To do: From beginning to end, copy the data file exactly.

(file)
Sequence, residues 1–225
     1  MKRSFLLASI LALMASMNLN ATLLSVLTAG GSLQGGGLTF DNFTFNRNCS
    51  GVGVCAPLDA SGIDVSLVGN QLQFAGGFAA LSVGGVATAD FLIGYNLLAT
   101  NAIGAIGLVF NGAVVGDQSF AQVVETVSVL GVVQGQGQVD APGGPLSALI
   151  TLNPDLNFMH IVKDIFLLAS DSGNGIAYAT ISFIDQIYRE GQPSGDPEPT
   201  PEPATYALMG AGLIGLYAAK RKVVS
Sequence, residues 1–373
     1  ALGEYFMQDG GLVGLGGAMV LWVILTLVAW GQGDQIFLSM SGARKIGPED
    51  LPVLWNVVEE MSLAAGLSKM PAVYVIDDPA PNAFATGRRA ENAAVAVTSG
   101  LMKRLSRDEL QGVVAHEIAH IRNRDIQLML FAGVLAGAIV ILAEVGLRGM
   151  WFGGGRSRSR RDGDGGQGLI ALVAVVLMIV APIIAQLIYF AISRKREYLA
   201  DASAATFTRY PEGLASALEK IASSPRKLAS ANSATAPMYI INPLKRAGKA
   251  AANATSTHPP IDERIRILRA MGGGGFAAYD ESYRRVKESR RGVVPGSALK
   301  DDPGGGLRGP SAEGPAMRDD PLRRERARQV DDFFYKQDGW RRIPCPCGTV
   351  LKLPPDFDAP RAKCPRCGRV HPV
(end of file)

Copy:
Sequence, residues 1–225
     1  MKRSFLLASI LALMASMNLN ATLLSVLTAG GSLQGGGLTF DNFTFNRNCS
    51  GVGVCAPLDA SGIDVSLVGN QLQFAGGFAA LSVGGVATAD FLIGYNLLAT
   101  NAIGAIGLVF NGAVVGDQSF AQVVETVSVL GVVQGQGQVD APGGPLSALI
   151  TLNPDLNFMH IVKDIFLLAS DSGNGIAYAT ISFIDQIYRE GQPSGDPEPT
   201  PEPATYALMG AGLIGLYAAK RKVVS
Sequence, residues 1–373
     1  ALGEYFMQDG GLVGLGGAMV LWVILTLVAW GQGDQIFLSM SGARKIGPED
    51  LPVLWNVVEE MSLAAGLSKM PAVYVIDDPA PNAFATGRRA ENAAVAVTSG
   101  LMKRLSRDEL QGVVAHEIAH IRNRDIQLML FAGVLAGAIV ILAEVGLRGM
   151  WFGGGRSRSR RDGDGGQGLI ALVAVVLMIV APIIAQLIYF AISRKREYLA
   201  DASAATFTRY PEGLASALEK IASSPRKLAS ANSATAPMYI INPLKRAGKA
   251  AANATSTHPP IDERIRILRA MGGGGFAAYD ESYRRVKESR RGVVPGSALK
   301  DDPGGGLRGP SAEGPAMRDD PLRRERARQV DDFFYKQDGW RRIPCPCGTV
   351  LKLPPDFDAP RAKCPRCGRV HPV